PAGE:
The Changing Paradigm

As when a Cold War kremlinologist read Pravda, useful insights can be gleamed from the pages of liberal publications like The New Republic. Call it opposition research.

In its April 7 edition, TNR talks about teachers’ unions in a way that shows the bloom has definitely come off the rose. Here, those unions are described as “selfish” and “dangerous,” albeit necessary — at least necessary as far as TNR is concerned.

To quote TNR: “Teachers’ unions have taken a well-deserved beating in the court of public opinion.” That this reality is recognized in an flagship publication of the Left is a further indication that the once commonly accepted paradigm which viewed teachers’ unions as being synonymous with quality education is over.

TNR goes on to criticize the teachers’ unions for their stance on seniority and tenure — which it calls borderline “insane” — unaccountability, and resistance to other meaningful reforms in public education.

TNR editorial even dips its toe in politically incorrect waters by acknowledging that “Teaching recruits mostly from the bottom two-thirds of college graduates,“ the implication of which is breathtaking. It is tantamount to saying that, at a time when it is recognized that high quality teachers are what is needed to improve public education, the U.S. is scrapping near the bottom of the barrel for it teaching work force. This is a devastating blow to the prestige of the unionized teachers who strive to hide their hard ball politicking and bargaining tactics behind a facade of know-it-all professionalism.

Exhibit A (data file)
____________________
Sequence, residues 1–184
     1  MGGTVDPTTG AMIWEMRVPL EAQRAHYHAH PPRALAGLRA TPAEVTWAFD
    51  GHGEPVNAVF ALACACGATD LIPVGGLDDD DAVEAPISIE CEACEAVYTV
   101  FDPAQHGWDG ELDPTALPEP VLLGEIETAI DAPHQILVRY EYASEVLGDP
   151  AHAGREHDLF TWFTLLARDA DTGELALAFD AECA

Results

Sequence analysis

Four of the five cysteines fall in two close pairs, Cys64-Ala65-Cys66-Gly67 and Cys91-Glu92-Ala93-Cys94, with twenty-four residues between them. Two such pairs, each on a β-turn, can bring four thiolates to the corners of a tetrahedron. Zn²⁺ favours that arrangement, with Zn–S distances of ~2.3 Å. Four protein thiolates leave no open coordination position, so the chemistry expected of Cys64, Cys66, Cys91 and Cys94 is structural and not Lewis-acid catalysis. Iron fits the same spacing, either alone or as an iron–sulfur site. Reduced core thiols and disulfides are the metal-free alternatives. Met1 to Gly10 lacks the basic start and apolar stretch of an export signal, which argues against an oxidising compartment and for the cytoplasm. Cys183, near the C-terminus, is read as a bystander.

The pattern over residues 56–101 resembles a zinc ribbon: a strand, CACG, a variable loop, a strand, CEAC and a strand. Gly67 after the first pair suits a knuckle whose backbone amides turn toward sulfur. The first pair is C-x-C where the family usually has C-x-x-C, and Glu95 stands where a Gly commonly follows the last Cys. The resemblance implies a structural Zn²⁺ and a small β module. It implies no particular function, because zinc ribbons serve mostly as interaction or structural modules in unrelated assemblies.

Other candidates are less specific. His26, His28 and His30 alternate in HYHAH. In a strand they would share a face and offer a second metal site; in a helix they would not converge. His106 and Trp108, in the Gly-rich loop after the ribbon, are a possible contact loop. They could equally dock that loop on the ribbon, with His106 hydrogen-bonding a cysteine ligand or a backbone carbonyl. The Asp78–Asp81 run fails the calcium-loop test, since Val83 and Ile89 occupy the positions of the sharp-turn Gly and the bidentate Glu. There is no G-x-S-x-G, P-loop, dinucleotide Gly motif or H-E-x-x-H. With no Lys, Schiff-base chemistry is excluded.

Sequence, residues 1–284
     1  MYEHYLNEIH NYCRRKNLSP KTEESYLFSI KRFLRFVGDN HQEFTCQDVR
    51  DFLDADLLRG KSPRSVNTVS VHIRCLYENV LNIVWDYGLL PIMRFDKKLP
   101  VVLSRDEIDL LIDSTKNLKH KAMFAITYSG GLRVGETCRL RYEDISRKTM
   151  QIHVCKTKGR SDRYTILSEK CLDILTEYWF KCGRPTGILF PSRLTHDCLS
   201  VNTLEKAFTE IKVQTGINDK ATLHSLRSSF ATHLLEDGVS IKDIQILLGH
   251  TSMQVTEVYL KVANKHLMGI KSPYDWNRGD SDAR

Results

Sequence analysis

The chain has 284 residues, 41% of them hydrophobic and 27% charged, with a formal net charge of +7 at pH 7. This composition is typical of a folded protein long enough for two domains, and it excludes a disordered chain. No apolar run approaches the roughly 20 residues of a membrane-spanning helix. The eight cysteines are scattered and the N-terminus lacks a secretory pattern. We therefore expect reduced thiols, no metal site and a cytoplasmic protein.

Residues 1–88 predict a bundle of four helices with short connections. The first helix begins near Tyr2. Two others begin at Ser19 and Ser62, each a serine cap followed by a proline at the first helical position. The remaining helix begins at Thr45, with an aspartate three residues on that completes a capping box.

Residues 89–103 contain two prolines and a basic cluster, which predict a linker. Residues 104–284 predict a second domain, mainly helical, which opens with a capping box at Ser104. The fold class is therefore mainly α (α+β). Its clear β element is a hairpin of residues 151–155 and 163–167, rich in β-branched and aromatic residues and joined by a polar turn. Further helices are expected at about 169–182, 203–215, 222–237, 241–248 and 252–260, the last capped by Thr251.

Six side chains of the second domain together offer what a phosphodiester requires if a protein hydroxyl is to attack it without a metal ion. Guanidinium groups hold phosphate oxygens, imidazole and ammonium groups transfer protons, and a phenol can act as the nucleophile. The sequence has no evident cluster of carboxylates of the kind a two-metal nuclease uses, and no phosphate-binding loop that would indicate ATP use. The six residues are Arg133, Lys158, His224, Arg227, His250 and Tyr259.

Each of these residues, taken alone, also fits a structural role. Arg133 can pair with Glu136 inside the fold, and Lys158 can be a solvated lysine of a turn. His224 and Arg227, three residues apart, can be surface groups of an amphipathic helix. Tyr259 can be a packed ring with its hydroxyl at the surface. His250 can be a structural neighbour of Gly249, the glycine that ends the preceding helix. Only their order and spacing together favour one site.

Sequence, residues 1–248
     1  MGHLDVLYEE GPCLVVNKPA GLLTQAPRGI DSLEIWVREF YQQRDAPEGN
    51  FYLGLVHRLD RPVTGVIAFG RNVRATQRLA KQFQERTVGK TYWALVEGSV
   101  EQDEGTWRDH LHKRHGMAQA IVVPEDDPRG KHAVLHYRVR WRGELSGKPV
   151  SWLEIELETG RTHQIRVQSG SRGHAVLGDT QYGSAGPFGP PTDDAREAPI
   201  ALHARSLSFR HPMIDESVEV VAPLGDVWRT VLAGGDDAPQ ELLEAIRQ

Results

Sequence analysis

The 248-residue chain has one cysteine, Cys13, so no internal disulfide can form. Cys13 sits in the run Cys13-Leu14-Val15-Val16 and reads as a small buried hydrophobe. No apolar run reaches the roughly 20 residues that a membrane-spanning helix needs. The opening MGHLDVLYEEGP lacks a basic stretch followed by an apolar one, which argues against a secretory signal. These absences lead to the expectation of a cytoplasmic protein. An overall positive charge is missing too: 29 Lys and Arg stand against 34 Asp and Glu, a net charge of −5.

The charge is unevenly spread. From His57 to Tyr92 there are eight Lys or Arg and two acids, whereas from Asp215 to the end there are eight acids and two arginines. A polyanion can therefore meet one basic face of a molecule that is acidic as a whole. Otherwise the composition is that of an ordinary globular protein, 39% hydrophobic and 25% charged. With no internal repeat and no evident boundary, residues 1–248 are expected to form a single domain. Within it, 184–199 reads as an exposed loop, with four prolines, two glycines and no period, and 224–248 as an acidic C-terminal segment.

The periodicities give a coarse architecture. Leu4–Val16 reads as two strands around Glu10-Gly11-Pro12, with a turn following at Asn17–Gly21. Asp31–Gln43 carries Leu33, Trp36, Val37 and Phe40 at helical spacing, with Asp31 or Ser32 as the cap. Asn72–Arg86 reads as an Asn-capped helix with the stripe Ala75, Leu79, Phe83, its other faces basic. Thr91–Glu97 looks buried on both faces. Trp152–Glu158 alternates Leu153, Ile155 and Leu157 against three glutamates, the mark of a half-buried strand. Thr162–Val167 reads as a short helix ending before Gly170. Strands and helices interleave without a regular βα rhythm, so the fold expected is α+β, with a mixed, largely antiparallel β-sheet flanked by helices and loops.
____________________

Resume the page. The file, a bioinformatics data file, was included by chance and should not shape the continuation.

In addition to the budget deficits and the runaway cost of the public-sector, it is this changing view of the unions that is one of the driving force to reform efforts like SB 5 here in Ohio and elsewhere. In the long run, it will be the new public perception of the teachers’ unions that will count far more than the loud demonstrations that Big Labor has conducted in Columbus and other state capitals attempting to preserve the status quo.

Breaking the strangle hold that the Ohio Education Association (OEA) has our schools wouldn’t happen in one fell swoop. There is no single silver bullet to reform. We are in for a long, protracted struggle. But genie is out of the bottle and is not going back in again.

Case in point is SB 5. Once this collective-bargaining reform gets settled in whatever shape or form it takes, the precedent setting school choice bill of Rep. Matt Huffman (HB-136) will be ready to take center stage. The details of HB-136 are a subject for another time.

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